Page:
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RE: Prelim. DAV spec.

From: Yaron Goland <yarong@microsoft.com>
Date: Wed, 30 Oct 1996 23:20:12 -0800
Message-ID: <c=US%a=_%p=msft%l=RED-44-MSG-961031072012Z-5867@mail4.microsoft.com>
To: "'Daniel W. Connolly'" <connolly@beach.w3.org>, "'Jim Whitehead'" <ejw@rome.ICS.UCI.EDU>
Cc: "'w3c-dist-auth@w3.org'" <w3c-dist-auth@w3.org>

-----Original Message-----
From:	Daniel W. Connolly [SMTP:connolly@beach.w3.org]
Sent:	Saturday, October 26, 1996 12:16 PM
To:	Jim Whitehead
Cc:	w3c-dist-auth@w3.org
Subject:	Re: Prelim. DAV spec.

Great stuff... comments as I read it.

In message <9610251749.aa07659@paris.ics.uci.edu>, Jim Whitehead writes:
><draft-ietf-webdav-v1-spec-00>                         October 25, 1996

>1.2 Terminology
>Unless otherwise noted below, the use of terminology in this document is
>consistent with the definitions of terms given in [HTTP11].
>check in
>     A Check In is a declaration that the client no longer intends to edit 
>     representation(s).

Of "entity" and "representation": pick one and stick with it.

But in this case, I think you meant resource, i.e. the gizmo associated
with a URL.

No we mean representation(s), meaning one or more than one representations 
of a resource. Where representation is defined as in HTTP 1.1.

  An entity included with a response that is subject to content
  negotiation, as described in section 12. There may exist multiple
  representations associated with a particular response status.

The key here is that we are not just talking about an entity, we are 
talking about a content negotiated entity. I have removed all references to 
entity and replaced them with representation.

Of edit and update, pick one.

So I think it should say "... no longer intends to update a resource."

Update is a loaded term. I prefer edit. I have modified the draft to use 

>     The history of a URI is a list of all the versions of the URI along
>     with related information.

"Versions of a URI"? URIs are immutable. They're just strings, kinda
like large integers.

I suggest:
	The history of a URI U* is a list of URIs Ui where each Ui refers
	to some version of the U* resource, plus some attribues related to
	each version.

This goes into the same bag as Destroy which is now defined as:
To destroy a resource is to request that the resource be permanently 
removed from storage. This differs from delete in that some versioning 
systems handle delete as a request to no longer make the specified resource 
I have also changed history to:
The history of a resource is a list of all the versions of the resource 
along with related information.
Of course each version is also a resource. However I don't want to define 
version as it would be nothing but an academic exercise.

>     A merge is the process whereby a resource represented by one URI is
>     combined with a resource represented by a second URI. Merges can 
>     at the client or the server.


A merge is the process whereby information from one or more resources is 
used to produce a new resource that represents the content of the component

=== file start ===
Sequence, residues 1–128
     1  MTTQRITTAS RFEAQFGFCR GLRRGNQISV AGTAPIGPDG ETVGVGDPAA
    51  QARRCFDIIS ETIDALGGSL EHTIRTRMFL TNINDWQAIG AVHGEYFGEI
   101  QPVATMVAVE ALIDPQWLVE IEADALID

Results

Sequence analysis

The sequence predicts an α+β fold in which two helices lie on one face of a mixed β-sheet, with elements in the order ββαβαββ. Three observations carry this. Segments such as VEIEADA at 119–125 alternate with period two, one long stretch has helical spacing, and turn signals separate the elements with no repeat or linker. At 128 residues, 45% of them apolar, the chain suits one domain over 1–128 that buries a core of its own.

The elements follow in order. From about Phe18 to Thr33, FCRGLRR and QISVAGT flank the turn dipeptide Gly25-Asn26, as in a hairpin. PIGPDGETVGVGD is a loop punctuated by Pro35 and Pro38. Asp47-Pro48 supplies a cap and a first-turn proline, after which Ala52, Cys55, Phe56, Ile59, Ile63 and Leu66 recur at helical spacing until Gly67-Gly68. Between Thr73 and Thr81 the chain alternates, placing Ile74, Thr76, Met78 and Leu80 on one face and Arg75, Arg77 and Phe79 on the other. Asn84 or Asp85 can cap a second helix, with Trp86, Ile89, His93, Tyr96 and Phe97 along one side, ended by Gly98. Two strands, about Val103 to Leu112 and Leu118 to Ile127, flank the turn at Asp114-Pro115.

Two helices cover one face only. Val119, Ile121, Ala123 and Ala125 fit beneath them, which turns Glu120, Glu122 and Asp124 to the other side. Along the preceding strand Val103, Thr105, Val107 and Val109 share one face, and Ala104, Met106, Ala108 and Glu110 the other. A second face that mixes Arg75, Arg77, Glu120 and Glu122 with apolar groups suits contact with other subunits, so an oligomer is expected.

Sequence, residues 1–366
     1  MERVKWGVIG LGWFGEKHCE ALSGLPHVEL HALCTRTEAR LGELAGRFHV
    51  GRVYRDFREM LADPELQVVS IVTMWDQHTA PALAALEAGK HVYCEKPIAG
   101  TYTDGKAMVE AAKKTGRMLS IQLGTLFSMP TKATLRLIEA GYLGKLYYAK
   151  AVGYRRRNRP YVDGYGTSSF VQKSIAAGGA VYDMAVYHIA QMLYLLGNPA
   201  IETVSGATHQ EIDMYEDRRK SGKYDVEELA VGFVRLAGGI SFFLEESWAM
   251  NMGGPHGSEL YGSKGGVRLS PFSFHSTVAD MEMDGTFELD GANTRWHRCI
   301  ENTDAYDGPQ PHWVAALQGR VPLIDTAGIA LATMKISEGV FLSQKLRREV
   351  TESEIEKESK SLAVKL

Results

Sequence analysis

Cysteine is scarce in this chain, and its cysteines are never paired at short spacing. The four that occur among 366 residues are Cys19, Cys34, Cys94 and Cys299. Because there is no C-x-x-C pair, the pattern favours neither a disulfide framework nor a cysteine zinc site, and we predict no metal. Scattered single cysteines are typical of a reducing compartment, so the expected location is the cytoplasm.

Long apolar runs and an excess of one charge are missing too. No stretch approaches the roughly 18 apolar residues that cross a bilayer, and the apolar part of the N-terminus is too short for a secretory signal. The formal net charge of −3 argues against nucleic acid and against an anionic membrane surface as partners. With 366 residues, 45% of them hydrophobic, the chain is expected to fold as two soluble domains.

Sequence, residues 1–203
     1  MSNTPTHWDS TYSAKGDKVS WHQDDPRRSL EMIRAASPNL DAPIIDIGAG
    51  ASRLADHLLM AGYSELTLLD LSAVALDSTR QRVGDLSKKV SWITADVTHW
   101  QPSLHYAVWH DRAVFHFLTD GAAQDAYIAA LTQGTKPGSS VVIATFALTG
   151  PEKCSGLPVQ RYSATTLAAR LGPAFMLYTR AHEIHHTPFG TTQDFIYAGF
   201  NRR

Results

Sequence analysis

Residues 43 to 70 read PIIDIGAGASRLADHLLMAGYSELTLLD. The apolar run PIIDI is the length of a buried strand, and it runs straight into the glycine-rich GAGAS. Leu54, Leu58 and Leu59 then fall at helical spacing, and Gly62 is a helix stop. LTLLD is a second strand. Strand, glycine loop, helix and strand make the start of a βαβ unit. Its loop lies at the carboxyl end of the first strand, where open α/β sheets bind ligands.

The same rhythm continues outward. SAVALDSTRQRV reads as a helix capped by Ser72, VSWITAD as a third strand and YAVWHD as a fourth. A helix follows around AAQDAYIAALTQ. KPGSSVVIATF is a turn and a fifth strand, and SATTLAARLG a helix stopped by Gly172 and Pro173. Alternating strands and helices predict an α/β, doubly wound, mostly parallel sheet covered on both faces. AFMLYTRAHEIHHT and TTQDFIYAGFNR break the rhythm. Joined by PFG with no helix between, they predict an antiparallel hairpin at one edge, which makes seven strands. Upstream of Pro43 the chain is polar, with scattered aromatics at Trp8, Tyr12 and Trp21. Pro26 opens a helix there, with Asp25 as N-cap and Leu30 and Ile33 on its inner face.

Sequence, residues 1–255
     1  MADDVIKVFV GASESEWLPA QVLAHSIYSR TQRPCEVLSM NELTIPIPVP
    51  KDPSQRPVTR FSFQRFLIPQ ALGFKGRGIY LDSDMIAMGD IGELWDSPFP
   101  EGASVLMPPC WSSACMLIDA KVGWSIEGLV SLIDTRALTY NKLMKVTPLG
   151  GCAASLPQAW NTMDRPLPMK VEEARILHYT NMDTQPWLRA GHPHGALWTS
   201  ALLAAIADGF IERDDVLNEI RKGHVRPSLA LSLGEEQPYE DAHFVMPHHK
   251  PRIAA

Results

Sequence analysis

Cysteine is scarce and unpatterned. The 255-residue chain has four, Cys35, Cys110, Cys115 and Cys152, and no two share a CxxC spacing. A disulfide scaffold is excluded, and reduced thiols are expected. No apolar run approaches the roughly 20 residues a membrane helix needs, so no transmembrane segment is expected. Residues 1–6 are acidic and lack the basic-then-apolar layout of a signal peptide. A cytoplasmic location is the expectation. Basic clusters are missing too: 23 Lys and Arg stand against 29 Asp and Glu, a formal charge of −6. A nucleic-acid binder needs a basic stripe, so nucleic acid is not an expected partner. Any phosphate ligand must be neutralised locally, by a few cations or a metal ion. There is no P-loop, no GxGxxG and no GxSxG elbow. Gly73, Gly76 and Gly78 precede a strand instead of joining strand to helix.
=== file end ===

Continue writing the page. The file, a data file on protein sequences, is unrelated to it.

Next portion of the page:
resources. Merges can occur at the client or the server.

BTW, I know you can nit pick the merge definition. Please don't. I really 
don't want to spend an hour finding just the right adjective.

>no-modify lock
>     A no-modify lock prevents a locked resource from being altered until
>     all no-modify locks are released.

s/altered/updated/. Be consistent.

Fair enough, all the "alter" have been changed to "edit".

>notify request
>     A notify request instructs the recipient to send update information
>     regarding the progress of a request.

If you use update in the sense that I'm suggesting, don't use it for
this purpose as well. I suggest: s/update/status/.

notify request
A notify request instructs the recipient to send information regarding the 
progress of a request.

>server diff
>     A server diff is a mechanism whereby the server compares two or more
>     representations, and sends the client a message containing a summary 
>     the differences between the entities.


server diff
A server diff is a mechanism whereby the server compares two or more 
representations and sends the client a message containing the differences. 

>2. Attributes
>It is often necessary to record meta data about a resource. The natural
>place to store such meta data is in HTTP headers however this presents a
>problem. HTTP headers, as defined in [HTTP11], are used either for 
>description or communication. While communication headers can be 
>with the Option method, content description headers can not.

Content description headers can be accessed with HEAD.

Yes, but one can not specify which content headers will be transmitted. 
Where we to use content headers for attributes and were we to use HEAD to 
discover them, then we would have to transmit all the content headers with 
each HEAD request. As the number of attributes will be very large and as 
the size of each attribute is likely to also be large, this is not 

I have changed the paragraph to read:
It is often necessary to record meta data about a resource. The natural 
place to store such meta data is in HTTP headers however this presents a 
problem. HTTP headers, as defined in [HTTP11], are used either for content 
description or communication. Neither of these header types were designed 
for remote setting and on-demand retrieval.

> In addition
>neither of these headers were designed for remote setting and on-demand

I disagree. Jigsaw supports setting and on-demand retrieval of
entity headers, for example.

How? Does it allow me to selectively specify which header I want? Will it 
let me perform a method on a header?

>What is needed is a third type of header, a header which provides
>information about the resource's nature, not its content or transmission
>state. This type of header will be referred to as an attribute header.

I suggest you merget the concept of attribute header into the
existing HTTP entity header concept.

That is unfortunately not practical. The semi-practical solution to the 
attributes problem is to define a new entity-header "attributes" whose 
value is a URL. That URL then points to a file which contains a whole list 
of attributes, each of which contains a value, which could potentially also 
be a URI. If I wanted to find out what the name of the author of a document 
is I would send a HEAD request, then do a GET on the attribute URI. I would 
then read the response and see if the Author attribute is present. If so I 
would either read the associated value or, if the value is a URI, do a GET